Crystal Valentine (Amherst College)
Abstract From the time when we first experience intuitive thought we ask the “big questions.” Who are we? Where did we come from? What else is there? What does it all mean? Galileo, a true Renaissance man, used the most sophisticated tool of his time—the telescope—to gaze into the heavens in order to gain insight into those big questions. Now our most sophisticated tool is computation; we leverage massive data sets in order to gain insights on those same questions.
Today we can accurately conclude the big data revolution is here. We have passed an inflection point on the cost/value curve of collecting and analyzing data, motivating researchers and CEO’s to put data, instead of intuition, at the center of decision-making. Computation has become a favorite mode of executing the three steps of the general intellectual inquiry process common to all academic disciplines: observation, inference, and synthesis. Initially used primarily as a simple tool for collecting and curating raw experimental data to enhance human observational capabilities, computation is now a central and trusted method of carrying out both the inference and synthesis steps as well through the use of advanced algorithms, including statistical methods, machine learning, and artificial intelligence. Today, computation and data analysis are part and parcel of a remarkable number of processes for both academic and commercial pursuits.
The growing emphasis on placing data central to the inquiry process coupled with an unprecedented growth in processing power and storage capacity has motivated an explosion in the volume of data being collected and analyzed. The abundance of data and the increasingly data-centric focus of research methods represent a shift within the computer science community, resulting in the emergence of big data as a new sub-field. Moreover, the dramatic growth in data volumes is challenging traditional data storage and processing techniques, precipitating an equally dramatic paradigm shift in the architecture of computational platforms: from single-processor systems to shared-memory multiple-processor machines, and today to shared-nothing distributed systems. These shifts have yielded tremendous advances in science and business technology, but also present some significant technical challenges, requiring the development of robust, distributed platforms and new parallel algorithms.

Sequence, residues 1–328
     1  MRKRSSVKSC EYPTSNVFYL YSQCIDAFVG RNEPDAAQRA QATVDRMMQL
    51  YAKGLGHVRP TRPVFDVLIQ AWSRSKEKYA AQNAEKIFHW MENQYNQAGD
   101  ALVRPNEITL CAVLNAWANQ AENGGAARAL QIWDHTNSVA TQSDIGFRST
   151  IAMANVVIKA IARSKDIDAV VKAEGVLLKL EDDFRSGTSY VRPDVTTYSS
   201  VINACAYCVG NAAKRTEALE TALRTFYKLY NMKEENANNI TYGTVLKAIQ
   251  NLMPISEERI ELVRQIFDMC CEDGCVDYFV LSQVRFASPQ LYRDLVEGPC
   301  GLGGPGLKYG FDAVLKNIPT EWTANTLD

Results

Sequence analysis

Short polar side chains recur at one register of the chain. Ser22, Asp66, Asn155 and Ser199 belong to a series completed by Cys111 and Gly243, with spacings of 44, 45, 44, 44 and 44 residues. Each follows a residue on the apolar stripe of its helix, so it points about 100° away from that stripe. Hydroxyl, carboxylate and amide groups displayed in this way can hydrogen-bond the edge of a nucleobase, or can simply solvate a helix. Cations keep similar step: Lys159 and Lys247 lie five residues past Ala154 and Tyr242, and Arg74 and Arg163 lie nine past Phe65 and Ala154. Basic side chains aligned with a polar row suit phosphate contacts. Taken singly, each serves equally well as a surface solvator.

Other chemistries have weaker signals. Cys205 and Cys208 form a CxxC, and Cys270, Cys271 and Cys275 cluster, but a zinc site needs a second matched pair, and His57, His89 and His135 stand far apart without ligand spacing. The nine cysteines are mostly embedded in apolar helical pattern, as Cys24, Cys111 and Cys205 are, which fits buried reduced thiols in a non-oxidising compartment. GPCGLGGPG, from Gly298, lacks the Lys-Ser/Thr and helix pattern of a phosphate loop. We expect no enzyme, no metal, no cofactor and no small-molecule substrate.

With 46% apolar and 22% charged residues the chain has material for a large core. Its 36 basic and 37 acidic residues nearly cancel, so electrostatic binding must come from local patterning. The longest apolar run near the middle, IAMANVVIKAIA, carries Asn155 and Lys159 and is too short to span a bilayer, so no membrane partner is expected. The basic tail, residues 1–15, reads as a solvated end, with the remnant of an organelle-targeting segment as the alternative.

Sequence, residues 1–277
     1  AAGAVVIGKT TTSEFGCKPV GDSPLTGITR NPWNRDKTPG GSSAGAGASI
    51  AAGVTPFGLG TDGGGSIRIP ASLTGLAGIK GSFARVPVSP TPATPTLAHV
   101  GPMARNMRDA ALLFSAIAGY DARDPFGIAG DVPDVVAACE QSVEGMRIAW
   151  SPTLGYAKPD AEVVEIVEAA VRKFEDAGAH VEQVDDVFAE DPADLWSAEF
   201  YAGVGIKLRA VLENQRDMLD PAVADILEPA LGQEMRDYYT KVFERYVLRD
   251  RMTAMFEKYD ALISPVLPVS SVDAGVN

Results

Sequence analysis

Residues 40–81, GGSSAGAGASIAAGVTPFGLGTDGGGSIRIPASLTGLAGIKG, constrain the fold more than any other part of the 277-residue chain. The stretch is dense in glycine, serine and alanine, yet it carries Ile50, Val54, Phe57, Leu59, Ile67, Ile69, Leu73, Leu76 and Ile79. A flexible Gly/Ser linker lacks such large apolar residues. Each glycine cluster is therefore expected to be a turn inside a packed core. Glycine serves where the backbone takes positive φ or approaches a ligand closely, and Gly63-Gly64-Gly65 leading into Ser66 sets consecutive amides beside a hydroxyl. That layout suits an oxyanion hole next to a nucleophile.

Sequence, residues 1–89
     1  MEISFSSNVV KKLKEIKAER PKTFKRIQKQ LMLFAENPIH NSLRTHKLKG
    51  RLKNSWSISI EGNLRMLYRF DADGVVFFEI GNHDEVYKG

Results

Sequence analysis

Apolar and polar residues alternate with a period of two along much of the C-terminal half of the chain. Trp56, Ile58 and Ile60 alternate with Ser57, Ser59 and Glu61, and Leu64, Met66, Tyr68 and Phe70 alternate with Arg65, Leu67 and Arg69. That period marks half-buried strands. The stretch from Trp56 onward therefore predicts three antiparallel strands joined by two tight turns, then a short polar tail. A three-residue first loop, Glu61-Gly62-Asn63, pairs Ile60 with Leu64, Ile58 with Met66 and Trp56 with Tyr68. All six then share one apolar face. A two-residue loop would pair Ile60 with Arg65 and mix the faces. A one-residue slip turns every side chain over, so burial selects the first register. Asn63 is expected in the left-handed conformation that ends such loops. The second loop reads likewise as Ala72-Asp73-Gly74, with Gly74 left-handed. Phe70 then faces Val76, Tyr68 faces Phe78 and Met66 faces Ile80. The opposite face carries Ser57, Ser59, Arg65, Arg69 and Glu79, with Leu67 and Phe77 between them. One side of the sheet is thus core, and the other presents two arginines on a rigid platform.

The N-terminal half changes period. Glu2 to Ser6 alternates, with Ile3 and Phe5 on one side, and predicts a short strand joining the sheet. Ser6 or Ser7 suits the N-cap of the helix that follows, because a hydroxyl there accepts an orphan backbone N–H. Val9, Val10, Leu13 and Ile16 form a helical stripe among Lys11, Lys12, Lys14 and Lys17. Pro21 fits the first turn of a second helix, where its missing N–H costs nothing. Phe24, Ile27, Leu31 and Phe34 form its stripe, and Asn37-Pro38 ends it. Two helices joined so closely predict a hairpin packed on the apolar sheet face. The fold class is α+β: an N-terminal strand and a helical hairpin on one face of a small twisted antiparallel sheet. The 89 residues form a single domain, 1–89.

Just as Galileo’s telescope was, today big data is the modern lens through which we examine life’s big questions. I shall describe several compelling examples--from both academia and industry--of the use of big data, with increasingly sophisticated applications against a backdrop of an arc of technological advancement, and will provide a picture for where big data will take us over the next decade as we continue to gaze into the heavens.
Bio. Crystal Valentine is an Assistant Professor in the Department of Computer Science at Amherst College where she teaches Big Data, Principles of Database Design, and Computational Biology and consults for equity investors as a technical expert. At the conclusion of this semester, she will taking a leave of absence from Amherst in order to join MapR Technologies as VP of Technology Strategy, driving innovation around their big data platform and working on thought leadership projects in the enterprise computing community. Prior to Amherst, she spent four years as a consultant at Ab Initio Software working with Fortune 100 companies to design and implement high-throughput, mission-critical enterprise applications. Crystal received a patent for “Extreme Virtual Memory”, a toolkit developed at MIT Lincoln Laboratory for doing distributed computations on petabyte-scale matrices. Crystal graduated Magna Cum Laude with Distinction and Phi Beta Kappa with a B.A. in Computer Science from Amherst College and received her doctorate in Computer Science from Brown University where she studied algorithms for analyzing the human genome. She was a Fulbright Scholar to Italy.